Affiliate of the Week: New Mexico Wildlife Federation

In honor of our 80th Anniversary celebration throughout 2016, the National Wildlife Federation is recognizing each of our Affiliate Partners in a special “Affiliate of the Week” blog series that showcases the dedicated conservation efforts taking place across the country each day. This week we celebrate our affiliate, the New Mexico Wildlife Federation, and their commitment to wildlife.

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Who We Are

For over a century the New Mexico Wildlife Federation has been working for wildlife on behalf of sportsmen and women across New Mexico. Since 1914, they’ve advocated for sound wildlife management, access to public lands, protection of our waters, and provided opportunities to pursue the outdoor traditions that helped make America what it is today. By engaging youth and their families in outdoor activities, the Federation is cultivating the next generation of conservationists and outdoor enthusiasts.

Fishing in a state park. Photo by Susan Torres/ NMWF

Fishing in a state park. Photo by Susan Torres/ NMWF

What We Do

NMWF provides a number of opportunities to get youth, families, hunters, anglers, and other outdoor enthusiasts out on their public lands. By engaging people from all walks of life across the state, NMWF is able to educate New Mexicans about the importance of protecting our waterways and wildlife, and keeping access to public lands open to all Americans.

NMWF was an integral part of getting Organ Mountains-Desert Peaks and Rio Grande del Norte designated as National Monuments, and they continue to work on protecting additional areas throughout the state. They have also worked to reintroduce Rio Grande cutthroat trout into local waterways and have stood in support of protecting the New Mexico meadow jumping mouse, which is an important species in riparian areas.

Rio Grande cutthroat trout. Photo by Garrett/ NMWF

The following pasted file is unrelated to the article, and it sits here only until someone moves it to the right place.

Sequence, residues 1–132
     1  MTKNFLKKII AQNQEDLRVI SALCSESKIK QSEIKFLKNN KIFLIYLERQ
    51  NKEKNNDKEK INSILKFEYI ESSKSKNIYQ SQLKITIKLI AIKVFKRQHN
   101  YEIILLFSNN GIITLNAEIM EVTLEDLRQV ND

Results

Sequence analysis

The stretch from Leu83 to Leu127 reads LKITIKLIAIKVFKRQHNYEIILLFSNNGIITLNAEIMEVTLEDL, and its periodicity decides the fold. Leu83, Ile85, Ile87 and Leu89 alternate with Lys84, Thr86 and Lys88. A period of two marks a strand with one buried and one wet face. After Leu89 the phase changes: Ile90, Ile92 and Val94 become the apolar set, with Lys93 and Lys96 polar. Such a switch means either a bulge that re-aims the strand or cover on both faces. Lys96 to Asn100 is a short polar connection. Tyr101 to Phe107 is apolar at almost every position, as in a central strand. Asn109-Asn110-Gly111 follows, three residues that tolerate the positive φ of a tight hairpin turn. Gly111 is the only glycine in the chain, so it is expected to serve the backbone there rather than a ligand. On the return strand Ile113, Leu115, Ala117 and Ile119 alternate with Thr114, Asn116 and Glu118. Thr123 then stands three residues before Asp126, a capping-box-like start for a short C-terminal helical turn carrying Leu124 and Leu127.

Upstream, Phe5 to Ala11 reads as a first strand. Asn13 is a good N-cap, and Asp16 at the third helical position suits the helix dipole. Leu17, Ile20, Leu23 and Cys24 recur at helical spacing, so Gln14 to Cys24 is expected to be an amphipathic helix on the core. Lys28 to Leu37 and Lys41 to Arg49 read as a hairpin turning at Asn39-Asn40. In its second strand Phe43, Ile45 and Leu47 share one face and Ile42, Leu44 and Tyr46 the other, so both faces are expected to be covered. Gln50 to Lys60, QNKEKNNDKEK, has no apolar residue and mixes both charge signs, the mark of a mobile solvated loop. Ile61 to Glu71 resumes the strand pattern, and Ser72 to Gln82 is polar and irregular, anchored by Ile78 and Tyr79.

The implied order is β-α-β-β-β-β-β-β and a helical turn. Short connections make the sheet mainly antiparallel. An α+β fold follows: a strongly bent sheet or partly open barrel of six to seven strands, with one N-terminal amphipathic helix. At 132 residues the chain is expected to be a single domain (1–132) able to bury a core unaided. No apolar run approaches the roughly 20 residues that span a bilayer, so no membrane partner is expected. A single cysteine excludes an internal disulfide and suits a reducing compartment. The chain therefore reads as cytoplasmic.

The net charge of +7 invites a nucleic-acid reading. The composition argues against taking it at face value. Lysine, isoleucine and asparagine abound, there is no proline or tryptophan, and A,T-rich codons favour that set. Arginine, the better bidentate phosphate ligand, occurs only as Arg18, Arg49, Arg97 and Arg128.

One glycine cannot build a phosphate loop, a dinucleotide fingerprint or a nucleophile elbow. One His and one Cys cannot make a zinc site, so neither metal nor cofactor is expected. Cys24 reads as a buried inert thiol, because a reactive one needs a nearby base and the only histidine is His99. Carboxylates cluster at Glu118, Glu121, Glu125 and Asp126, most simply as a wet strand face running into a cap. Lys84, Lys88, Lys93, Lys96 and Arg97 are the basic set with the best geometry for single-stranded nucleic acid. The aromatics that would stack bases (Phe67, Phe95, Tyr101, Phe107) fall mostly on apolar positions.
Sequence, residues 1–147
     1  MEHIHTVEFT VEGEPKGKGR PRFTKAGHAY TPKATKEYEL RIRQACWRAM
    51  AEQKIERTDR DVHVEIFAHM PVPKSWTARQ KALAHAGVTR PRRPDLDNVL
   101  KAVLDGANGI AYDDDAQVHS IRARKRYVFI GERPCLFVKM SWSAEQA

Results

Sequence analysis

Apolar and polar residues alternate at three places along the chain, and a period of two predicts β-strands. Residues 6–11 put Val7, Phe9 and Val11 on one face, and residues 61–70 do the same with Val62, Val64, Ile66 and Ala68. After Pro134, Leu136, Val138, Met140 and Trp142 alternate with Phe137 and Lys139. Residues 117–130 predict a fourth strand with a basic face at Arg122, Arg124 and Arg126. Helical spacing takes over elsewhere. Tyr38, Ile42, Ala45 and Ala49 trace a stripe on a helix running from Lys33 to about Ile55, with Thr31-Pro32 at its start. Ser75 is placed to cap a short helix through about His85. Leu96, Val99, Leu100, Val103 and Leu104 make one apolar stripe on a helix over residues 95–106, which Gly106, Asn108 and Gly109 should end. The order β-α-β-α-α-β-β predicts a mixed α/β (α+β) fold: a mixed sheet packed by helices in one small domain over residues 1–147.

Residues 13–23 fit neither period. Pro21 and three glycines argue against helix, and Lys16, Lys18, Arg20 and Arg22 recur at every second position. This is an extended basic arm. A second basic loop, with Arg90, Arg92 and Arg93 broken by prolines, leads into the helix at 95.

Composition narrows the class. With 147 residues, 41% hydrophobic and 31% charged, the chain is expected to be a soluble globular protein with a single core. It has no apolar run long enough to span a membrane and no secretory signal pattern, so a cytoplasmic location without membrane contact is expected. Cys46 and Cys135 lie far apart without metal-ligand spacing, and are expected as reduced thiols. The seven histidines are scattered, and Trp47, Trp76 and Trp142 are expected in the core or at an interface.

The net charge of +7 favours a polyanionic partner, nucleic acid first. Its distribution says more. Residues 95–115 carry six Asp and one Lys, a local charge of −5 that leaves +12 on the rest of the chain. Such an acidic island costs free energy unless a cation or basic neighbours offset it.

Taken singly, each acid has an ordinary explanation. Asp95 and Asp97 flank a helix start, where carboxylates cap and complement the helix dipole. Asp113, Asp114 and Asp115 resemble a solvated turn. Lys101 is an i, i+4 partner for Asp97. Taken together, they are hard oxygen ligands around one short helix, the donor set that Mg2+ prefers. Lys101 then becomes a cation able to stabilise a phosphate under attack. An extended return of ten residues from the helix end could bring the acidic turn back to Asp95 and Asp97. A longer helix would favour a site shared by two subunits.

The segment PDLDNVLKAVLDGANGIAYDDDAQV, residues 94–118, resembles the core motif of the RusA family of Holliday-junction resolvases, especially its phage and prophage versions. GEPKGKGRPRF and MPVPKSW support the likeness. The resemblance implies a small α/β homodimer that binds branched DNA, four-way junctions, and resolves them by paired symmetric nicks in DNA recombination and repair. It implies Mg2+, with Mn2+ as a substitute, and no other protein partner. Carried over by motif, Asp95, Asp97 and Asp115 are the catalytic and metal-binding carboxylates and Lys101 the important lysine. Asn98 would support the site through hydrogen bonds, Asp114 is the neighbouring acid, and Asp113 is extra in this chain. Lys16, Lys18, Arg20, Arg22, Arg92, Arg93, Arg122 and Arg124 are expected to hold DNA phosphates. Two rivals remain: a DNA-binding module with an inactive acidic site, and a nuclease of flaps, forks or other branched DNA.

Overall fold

Whether hosting a rafting trip in national forests, coordinating sportsmen and women’s meetings, or educating the public about conservation issues, the New Mexico Wildlife Federation keeps our natural resources and ample opportunities they provide for wildlife communities at the forefront of people’s minds.

The New Mexico Wildlife Federation is working to further its reach to increase the number of people involved in outdoor activities and conservation across the state. NMWF recently held a Latino Conservation Summit in conjunction with Latino Conservation Week, where leaders in conservation from across the state discussed the issues that matter in these communities. The panelists discussed land use, water, and how to engage younger generations in conservation and outdoor activities.

Petroglyphs

Youth can find petroglyphs in the area. Photo by Susan Torres/ NMWF

NMWF has also partnered with other nonprofits that work with at-risk youth to organize trips for youth from across the state to experience their public lands and learn more about the importance of healthy waterways. These outings have been hugely successful in engaging youth from challenging backgrounds, connecting them with nature to help them become the next generation of conservation stewards.

Making a National Impact

At a time when the public lands seizure movement had reached the national stage, the New Mexico Wildlife Federation traveled outside of New Mexico to Oregon bring awareness to this critical issue. NMWF is proud of the work they have done to make this public lands movement front and center for many organizations and communities, including speaking out against the seizure of the Malheur National Wildlife Refuge in January.

NMWF organized a rally at the capitol. Photo by NMWF

NMWF’s public lands rally. Photo by NMWF

The New Mexico Wildlife Federation took a stand against extremists who wanted to deny Americans access to their public lands and made more people aware about the ongoing threat to our national lands. NMWF continues to work with a wide variety of nonprofits around the state to protect our public lands and encourage citizens to contact their elected officials in support of keeping public lands accessible to everyone. By educating the public about the public lands seizure movement, NMWF is making sure elected officials are held accountable to their constituents. They are also working to protect land in the Pecos Wilderness, Otera Mesa, and additional areas in Organ Mountains-Desert Peaks.

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